Kingdom Builders: Singapore's Royal Rangers
Missionary to Vanuatu, Bryan Webb, shares insights from his visit to Singapore and the robust Royal Rangers program established there.
The only island city-state in the modern world, Singapore sits at the heart of Southeast Asia. To the north is Malaysia. To the south, an 80-mile-wide strait separates Singapore from Indonesia. Three and a half times the size of Washington, D.C., Singapore is home to nearly 6 million people.
Our first night in Singapore, AG World Mission photographer Gaylon Wampler and I visit Merlion Park. Here on the waterfront, a jetty juts into the bay. A massive statue spews water into the bay: Half fish and half lion, this “Merlion” is Singapore’s national symbol. Colorful tour boats crisscross the water. Sleek skyscrapers sheathed in glass line the bay. Overt displays of wealth define Singapore’s persona.
Throngs of tourists crowd the jetty. Some of them pose as if they were drinking from the fountain flowing from the Merlion. Chinese schoolkids in orange-and-green uniforms cluster not far from Muslim girls in matching burka uniforms emblazoned with school logos. All are taking selfies to prove to themselves, “I was here.” Muslims, Hindus, Secularists, and Buddhists seamlessly mix in a swirling flow of humanity.
Fusion may be the best word to describe Singapore. Ultramodern and sparkling clean, the streets of Singapore ring with the sounds of English, Malay, Mandarin, and Tamil. Open-air food stalls boast an incredible array of Asian dishes. Buddhist temples, Muslim mosques, Christian churches, and Hindu temples share neighborhoods, displaying Singaporean society’s foundational diversity.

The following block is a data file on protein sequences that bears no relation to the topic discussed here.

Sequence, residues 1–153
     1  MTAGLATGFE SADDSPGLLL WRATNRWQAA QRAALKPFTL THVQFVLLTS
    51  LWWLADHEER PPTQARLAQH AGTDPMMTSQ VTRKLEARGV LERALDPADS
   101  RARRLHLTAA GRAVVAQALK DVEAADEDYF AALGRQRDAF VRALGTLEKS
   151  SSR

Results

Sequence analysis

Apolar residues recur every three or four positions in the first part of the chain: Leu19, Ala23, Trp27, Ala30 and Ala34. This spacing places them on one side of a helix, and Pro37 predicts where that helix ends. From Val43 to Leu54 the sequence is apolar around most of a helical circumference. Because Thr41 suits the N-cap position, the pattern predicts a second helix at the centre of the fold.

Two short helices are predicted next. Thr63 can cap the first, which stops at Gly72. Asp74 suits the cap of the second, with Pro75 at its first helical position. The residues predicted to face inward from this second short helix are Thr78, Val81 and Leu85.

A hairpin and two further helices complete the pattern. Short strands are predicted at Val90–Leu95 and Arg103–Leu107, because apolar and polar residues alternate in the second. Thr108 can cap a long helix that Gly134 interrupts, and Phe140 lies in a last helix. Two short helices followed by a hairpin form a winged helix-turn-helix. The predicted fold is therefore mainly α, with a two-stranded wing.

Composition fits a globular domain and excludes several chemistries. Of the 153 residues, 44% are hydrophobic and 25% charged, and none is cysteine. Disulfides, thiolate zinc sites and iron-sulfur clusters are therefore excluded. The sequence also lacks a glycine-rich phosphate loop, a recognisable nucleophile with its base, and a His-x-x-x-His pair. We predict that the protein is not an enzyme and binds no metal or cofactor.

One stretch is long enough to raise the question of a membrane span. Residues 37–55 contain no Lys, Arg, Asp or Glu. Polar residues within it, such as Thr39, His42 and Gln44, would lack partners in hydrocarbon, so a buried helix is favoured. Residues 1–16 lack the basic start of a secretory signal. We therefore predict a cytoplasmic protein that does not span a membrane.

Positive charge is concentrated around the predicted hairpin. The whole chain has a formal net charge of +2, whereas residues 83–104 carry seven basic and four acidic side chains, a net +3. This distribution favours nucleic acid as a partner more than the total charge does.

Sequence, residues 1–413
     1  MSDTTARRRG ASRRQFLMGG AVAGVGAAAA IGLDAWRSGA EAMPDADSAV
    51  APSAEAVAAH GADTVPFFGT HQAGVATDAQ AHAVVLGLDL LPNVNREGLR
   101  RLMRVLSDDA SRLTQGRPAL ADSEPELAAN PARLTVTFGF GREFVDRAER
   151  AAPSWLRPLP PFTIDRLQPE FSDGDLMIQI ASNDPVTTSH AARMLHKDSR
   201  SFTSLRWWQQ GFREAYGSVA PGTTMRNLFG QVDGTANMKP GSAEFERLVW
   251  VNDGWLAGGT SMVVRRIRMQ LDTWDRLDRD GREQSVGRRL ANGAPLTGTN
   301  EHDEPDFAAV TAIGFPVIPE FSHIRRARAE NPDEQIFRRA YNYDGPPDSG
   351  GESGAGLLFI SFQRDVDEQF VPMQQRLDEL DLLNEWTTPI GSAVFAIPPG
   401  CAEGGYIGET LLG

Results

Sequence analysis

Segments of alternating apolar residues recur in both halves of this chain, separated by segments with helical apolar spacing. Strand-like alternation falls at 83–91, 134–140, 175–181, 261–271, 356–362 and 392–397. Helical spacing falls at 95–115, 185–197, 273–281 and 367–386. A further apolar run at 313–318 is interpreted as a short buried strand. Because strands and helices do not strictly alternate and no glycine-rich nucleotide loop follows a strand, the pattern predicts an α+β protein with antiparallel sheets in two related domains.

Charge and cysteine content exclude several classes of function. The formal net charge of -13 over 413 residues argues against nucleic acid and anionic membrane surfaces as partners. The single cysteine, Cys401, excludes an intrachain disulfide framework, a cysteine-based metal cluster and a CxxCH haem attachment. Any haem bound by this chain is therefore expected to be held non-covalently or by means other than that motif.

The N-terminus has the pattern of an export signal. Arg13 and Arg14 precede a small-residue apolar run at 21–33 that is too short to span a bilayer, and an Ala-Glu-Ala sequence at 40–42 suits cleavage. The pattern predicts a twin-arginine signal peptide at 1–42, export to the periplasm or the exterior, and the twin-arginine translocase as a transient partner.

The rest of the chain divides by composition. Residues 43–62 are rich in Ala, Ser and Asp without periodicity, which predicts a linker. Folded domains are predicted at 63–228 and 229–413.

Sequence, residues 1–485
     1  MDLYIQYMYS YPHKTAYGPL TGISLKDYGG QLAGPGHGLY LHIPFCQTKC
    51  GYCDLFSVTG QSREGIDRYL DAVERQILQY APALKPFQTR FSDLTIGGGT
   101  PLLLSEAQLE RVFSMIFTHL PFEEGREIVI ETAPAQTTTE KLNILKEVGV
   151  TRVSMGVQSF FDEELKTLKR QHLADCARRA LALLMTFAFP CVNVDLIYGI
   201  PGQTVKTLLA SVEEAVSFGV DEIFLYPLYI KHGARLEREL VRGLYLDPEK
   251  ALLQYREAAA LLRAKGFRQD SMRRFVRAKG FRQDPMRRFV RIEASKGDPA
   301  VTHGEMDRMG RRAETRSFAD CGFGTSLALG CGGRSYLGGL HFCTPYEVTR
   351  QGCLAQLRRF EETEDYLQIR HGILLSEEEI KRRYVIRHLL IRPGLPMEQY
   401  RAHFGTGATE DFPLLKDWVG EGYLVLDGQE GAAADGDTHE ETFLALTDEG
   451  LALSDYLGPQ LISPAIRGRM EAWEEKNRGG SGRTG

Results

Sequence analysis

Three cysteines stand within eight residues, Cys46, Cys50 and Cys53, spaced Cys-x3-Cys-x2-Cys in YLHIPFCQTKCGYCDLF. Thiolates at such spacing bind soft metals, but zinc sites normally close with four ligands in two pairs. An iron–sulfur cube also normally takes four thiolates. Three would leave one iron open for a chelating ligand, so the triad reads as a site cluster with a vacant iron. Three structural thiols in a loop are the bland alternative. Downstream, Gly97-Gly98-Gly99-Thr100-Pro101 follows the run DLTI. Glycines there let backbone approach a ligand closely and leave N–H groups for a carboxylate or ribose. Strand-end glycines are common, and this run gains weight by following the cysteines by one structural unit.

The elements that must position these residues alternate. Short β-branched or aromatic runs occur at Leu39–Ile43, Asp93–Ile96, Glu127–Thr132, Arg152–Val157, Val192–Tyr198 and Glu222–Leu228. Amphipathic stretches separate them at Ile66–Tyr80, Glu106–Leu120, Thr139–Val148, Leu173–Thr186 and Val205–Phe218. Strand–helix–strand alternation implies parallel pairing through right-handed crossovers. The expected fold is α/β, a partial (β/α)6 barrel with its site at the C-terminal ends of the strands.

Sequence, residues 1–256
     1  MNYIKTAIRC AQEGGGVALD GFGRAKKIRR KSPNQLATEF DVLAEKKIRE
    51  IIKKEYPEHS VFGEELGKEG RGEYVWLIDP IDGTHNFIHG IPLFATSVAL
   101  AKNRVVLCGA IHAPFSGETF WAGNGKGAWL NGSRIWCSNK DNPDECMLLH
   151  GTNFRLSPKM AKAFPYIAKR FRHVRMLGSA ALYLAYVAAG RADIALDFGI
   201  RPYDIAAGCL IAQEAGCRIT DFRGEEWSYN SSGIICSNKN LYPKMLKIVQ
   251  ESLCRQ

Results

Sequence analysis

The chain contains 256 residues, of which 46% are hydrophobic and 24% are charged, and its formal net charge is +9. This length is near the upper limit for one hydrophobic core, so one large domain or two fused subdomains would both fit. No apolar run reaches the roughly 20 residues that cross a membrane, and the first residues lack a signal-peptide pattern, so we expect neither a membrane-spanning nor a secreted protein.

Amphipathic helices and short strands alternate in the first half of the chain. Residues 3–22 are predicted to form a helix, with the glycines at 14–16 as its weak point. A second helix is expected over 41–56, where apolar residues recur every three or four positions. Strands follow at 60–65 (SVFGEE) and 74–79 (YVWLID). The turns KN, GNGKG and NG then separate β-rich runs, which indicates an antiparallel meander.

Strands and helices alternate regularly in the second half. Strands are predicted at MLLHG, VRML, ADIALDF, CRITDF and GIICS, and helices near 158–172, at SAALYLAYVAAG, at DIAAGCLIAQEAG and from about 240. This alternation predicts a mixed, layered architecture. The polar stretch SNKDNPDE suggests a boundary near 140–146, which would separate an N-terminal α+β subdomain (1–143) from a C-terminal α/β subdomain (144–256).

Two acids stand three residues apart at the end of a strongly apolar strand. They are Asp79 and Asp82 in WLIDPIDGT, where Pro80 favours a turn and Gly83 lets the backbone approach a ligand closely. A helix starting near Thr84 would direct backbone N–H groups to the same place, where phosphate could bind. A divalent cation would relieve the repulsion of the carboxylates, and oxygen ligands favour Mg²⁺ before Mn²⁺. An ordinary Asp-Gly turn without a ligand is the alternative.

Royal Rangers in Singapore is also a unique fusion. In the U.S., Royal Rangers is a program to disciple boys. In Singapore, the outposts I visit in churches, community centers, and the basement of a shopping center are evenly split between boys and girls.
Many Singaporean churches use Royal Rangers for Sunday School and youth programs. Several pastors tell me they rely on Royal Rangers as their primary evangelism tool for children and youth in their communities. Yet regardless of diverse venues and languages, the heart of the program remains unchanged: to develop young people mentally, physically, socially, and spiritually.
Deputy National Commander Wu Tze Chang and I sit over coffee and toast with honey, discussing how Royal Rangers Singapore has partnered with the Singaporean government to develop and recognize outstanding young leaders through the National Youth Achievement Award.
The National Youth Achievement Award (NYAA) is an internationally recognized award offered through the Duke of Edinburgh’s Award International Association. This prestigious honor is bestowed by the president of Singapore. The NYAA is intended to build exceptional young leaders through community service, physical challenges and the development of leadership skills. Ultimately the program seeks to produce leaders who contribute meaningfully to their community. Royal Rangers Singapore is designated as an operating authority for the NYAA, so participating Rangers can work towards receiving the NYAA even while they qualify for various Rangers awards.
Commander Chang explains to me that in Singapore’s results-oriented culture, keeping youth involved in Royal Rangers through their teenage years used to be a challenge: Parents wanted their teenagers focused on education rather than on church activities. Today they are using the NYAA to overcome this challenge; the award adds value to Royal Rangers in the parents’ estimation, enabling the youth to continue to engage in Rangers. “Ministry is always a means to an end,” Chang tells me. “The objective is to usher these youth into the presence of God.”
To read about how Singapore’s Royal Rangers are impacting Muslim communities, please read the full version of this story the June 2017 WorldView magazine, or visit WorldView magazine online.